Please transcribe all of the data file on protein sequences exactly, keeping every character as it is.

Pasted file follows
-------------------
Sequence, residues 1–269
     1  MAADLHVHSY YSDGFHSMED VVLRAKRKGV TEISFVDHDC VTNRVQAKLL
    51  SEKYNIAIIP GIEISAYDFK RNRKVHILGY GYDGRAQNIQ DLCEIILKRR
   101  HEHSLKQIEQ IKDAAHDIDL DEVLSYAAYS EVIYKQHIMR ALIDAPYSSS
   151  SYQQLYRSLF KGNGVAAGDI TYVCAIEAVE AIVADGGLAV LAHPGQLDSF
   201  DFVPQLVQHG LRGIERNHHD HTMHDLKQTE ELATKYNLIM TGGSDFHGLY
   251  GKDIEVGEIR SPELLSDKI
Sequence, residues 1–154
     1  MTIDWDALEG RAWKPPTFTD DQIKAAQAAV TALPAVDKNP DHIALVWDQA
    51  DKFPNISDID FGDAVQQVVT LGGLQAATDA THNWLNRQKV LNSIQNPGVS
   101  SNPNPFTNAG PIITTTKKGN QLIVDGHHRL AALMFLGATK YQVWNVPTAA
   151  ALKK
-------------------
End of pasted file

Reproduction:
Sequence, residues 1–269
     1  MAADLHVHSY YSDGFHSMED VVLRAKRKGV TEISFVDHDC VTNRVQAKLL
    51  SEKYNIAIIP GIEISAYDFK RNRKVHILGY GYDGRAQNIQ DLCEIILKRR
   101  HEHSLKQIEQ IKDAAHDIDL DEVLSYAAYS EVIYKQHIMR ALIDAPYSSS
   151  SYQQLYRSLF KGNGVAAGDI TYVCAIEAVE AIVADGGLAV LAHPGQLDSF
   201  DFVPQLVQHG LRGIERNHHD HTMHDLKQTE ELATKYNLIM TGGSDFHGLY
   251  GKDIEVGEIR SPELLSDKI
Sequence, residues 1–154
     1  MTIDWDALEG RAWKPPTFTD DQIKAAQAAV TALPAVDKNP DHIALVWDQA
    51  DKFPNISDID FGDAVQQVVT LGGLQAATDA THNWLNRQKV LNSIQNPGVS
   101  SNPNPFTNAG PIITTTKKGN QLIVDGHHRL AALMFLGATK YQVWNVPTAA
   151  ALKK